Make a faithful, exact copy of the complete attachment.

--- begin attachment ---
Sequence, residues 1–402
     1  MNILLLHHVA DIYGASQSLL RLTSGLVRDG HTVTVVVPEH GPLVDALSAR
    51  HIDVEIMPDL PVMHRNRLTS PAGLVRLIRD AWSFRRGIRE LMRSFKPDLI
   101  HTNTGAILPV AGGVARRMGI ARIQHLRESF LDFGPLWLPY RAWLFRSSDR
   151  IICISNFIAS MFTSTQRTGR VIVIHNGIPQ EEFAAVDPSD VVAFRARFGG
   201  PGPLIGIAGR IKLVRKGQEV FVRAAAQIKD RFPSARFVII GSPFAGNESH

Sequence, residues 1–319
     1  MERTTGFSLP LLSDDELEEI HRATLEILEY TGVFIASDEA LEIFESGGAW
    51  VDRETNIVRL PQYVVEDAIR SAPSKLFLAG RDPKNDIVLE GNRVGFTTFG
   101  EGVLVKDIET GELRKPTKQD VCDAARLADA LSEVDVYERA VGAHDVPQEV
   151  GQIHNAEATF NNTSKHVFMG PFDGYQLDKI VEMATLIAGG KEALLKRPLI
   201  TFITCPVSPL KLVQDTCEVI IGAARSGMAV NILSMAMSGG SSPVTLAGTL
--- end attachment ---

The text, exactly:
Sequence, residues 1–402
     1  MNILLLHHVA DIYGASQSLL RLTSGLVRDG HTVTVVVPEH GPLVDALSAR
    51  HIDVEIMPDL PVMHRNRLTS PAGLVRLIRD AWSFRRGIRE LMRSFKPDLI
   101  HTNTGAILPV AGGVARRMGI ARIQHLRESF LDFGPLWLPY RAWLFRSSDR
   151  IICISNFIAS MFTSTQRTGR VIVIHNGIPQ EEFAAVDPSD VVAFRARFGG
   201  PGPLIGIAGR IKLVRKGQEV FVRAAAQIKD RFPSARFVII GSPFAGNESH

Sequence, residues 1–319
     1  MERTTGFSLP LLSDDELEEI HRATLEILEY TGVFIASDEA LEIFESGGAW
    51  VDRETNIVRL PQYVVEDAIR SAPSKLFLAG RDPKNDIVLE GNRVGFTTFG
   101  EGVLVKDIET GELRKPTKQD VCDAARLADA LSEVDVYERA VGAHDVPQEV
   151  GQIHNAEATF NNTSKHVFMG PFDGYQLDKI VEMATLIAGG KEALLKRPLI
   201  TFITCPVSPL KLVQDTCEVI IGAARSGMAV NILSMAMSGG SSPVTLAGTL